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Baby Health - First Evidence Common Pollutant - Perchlorate May Reduce Iodine Levels in Breast milk

Posted Oct 14 2008 4:14am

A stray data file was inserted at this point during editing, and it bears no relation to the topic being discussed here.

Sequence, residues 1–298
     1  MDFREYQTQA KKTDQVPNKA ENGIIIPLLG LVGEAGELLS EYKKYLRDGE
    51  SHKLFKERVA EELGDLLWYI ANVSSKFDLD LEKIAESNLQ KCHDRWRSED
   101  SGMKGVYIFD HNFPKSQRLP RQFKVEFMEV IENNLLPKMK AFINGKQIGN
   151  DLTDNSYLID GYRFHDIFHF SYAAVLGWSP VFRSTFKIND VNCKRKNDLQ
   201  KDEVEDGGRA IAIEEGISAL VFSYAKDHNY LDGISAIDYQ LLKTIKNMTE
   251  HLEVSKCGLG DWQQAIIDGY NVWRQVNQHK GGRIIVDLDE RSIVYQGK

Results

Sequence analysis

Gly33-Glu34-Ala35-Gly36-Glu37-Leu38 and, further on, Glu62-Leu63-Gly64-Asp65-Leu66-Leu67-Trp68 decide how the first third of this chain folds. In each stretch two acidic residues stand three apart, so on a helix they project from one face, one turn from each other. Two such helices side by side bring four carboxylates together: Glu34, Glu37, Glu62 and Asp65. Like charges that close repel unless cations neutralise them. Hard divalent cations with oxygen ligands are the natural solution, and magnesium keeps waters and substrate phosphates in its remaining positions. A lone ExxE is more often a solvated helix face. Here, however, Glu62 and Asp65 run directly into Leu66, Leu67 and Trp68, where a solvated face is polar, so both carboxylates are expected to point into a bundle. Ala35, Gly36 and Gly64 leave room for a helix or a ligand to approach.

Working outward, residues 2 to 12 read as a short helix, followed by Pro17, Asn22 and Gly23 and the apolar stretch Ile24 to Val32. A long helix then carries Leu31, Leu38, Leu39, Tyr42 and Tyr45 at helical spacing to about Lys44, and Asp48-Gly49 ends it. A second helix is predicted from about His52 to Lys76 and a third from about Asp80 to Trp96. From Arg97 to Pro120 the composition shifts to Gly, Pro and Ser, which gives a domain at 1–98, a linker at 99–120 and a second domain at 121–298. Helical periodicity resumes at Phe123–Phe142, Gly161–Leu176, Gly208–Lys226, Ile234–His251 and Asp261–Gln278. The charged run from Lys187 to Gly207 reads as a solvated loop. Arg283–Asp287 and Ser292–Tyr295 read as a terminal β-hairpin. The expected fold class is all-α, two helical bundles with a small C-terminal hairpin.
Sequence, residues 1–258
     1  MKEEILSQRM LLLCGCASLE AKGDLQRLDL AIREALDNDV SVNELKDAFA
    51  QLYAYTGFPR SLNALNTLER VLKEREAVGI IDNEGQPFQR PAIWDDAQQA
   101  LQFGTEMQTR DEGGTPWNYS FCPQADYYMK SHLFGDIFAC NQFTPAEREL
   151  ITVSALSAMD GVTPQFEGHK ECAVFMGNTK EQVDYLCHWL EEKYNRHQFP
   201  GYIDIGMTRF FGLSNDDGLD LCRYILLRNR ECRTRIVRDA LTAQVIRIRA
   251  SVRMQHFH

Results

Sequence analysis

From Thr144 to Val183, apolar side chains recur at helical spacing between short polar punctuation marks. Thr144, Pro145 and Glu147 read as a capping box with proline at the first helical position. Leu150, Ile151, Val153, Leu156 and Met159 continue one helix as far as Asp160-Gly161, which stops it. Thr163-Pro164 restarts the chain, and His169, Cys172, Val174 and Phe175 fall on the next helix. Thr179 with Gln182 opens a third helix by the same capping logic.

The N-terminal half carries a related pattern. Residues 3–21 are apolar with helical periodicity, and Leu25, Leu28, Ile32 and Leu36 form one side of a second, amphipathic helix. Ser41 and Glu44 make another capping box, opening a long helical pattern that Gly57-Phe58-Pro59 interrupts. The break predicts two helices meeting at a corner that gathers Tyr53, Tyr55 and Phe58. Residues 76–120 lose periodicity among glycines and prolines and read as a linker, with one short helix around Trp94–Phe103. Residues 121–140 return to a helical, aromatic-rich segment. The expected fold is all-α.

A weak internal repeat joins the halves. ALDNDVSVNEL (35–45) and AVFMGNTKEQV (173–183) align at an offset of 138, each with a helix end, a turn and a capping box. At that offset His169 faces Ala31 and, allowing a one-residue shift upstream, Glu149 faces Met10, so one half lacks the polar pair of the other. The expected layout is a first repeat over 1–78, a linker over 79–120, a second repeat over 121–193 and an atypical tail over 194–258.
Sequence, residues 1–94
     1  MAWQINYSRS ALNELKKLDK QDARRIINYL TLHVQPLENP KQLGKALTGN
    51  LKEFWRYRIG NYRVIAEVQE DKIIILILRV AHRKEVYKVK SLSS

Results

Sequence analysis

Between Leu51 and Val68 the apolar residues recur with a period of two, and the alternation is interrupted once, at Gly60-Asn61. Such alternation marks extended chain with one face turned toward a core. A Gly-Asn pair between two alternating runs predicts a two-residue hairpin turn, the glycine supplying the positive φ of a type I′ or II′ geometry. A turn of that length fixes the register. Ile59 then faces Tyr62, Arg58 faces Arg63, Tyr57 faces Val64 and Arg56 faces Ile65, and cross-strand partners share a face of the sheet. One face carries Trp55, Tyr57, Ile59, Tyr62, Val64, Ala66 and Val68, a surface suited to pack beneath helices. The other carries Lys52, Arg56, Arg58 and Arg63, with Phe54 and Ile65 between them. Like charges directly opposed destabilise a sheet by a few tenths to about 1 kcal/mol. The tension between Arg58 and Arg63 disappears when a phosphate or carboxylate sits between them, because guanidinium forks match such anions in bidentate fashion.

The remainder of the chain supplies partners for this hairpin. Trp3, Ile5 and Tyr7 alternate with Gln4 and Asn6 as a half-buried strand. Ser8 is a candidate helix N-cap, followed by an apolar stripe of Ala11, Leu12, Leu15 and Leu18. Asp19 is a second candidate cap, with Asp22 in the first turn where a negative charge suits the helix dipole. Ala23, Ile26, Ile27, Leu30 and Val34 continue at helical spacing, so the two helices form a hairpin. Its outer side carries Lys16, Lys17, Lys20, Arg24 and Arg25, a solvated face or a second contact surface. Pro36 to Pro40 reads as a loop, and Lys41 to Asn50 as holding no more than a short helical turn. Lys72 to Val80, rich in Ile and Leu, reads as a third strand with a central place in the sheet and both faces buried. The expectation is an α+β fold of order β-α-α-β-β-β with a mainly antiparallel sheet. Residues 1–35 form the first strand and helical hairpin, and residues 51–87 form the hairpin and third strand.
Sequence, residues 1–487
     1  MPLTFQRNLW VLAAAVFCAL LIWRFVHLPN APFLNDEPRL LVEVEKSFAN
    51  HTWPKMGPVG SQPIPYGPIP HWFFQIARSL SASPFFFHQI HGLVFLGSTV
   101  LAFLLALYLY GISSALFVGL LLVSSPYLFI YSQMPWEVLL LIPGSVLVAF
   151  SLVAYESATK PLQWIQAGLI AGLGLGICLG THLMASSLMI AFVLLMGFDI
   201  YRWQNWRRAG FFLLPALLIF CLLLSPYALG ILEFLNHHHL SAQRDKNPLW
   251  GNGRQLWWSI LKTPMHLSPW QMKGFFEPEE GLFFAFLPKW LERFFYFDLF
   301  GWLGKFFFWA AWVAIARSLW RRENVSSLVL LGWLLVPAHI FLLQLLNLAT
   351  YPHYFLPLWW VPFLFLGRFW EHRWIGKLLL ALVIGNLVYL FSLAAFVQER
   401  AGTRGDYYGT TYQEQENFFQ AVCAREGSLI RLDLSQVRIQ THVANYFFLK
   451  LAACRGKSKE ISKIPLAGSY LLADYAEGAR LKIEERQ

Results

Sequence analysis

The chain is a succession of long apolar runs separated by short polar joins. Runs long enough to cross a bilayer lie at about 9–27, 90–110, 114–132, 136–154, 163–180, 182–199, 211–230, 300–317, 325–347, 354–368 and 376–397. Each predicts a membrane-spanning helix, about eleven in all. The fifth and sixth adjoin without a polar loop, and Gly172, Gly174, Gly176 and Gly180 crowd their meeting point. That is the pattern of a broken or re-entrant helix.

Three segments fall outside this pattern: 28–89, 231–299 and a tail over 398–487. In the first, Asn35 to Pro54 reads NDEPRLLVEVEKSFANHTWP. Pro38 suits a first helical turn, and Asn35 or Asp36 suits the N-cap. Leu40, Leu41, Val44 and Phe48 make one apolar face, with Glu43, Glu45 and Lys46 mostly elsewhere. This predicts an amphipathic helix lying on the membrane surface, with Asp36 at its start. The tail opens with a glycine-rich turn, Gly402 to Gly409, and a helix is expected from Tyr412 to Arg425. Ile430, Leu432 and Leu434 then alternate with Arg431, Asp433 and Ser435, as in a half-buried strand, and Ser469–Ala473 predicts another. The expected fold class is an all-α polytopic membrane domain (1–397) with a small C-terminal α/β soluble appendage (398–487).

By Colleen Hurley, RD, Certified Kids Nutrition Specialist Although chemicals like BPA and phthalate have been getting lots of press, that does not mean they are the only inorganic materials in our food and water supply. There can, at times, be an array of different substances in what we eat and drink due to pollutants or factory run-offs that end up in the soil and water. Many of the substances, however, are inert or found in such small amounts they do not disrupt our own basic chemistry. In the first human study of its kind, one common pollutant has been found to alter the composition of breast milk. Texas based researchers found that an increasingly common pollutant called perchlorate may interfere with the bioavailability of the iodine in breast milk, thus decreasing an infants intake. Perchlorate naturally occurs in soil but is also produced for use as rocket fuel and explosives. Previous studies have found that perchlorate did indeed inhibit iodine uptake, but little was known about how the pollutant affected the iodine levels in breast milk. In order to discover perchlorates affect on breast milk composition, researchers collected milk samples from 13 nursing mothers and measured content of iodine and perchlorate, as well as another known iodine inhibitor called thiocyanate. The researchers found that if the sample were fed to infants, almost all would have inadequate iodine intake. In addition, researchers found that 9 of the infants would ingest perchlorate at a level higher than what the National Academy of Sciences has deemed safe. Iodine deficiency in infants can result in mental retardation, stunted growth, and diminished intelligence. Although the number of women in the study was small, researchers note the number of samples analyzed is the most extensive on the topic to date. What You Can Do Since the advent of iodized salt, iodine deficiency in industrialized countries is rare yet does remain a problem in developing nations. Iodine deficiency is the number one cause of preventable mental disabilities in children worldwide. As salt is in many of the foods we eat, it is likely you are getting adequate amounts. Most prenatal vitamins contain adequate amounts of iodine to meet the increased needs during pregnancy and lactation. Speak with your physician or dietitian about making sure you are getting adequate nutrients while pregnant and nursing.
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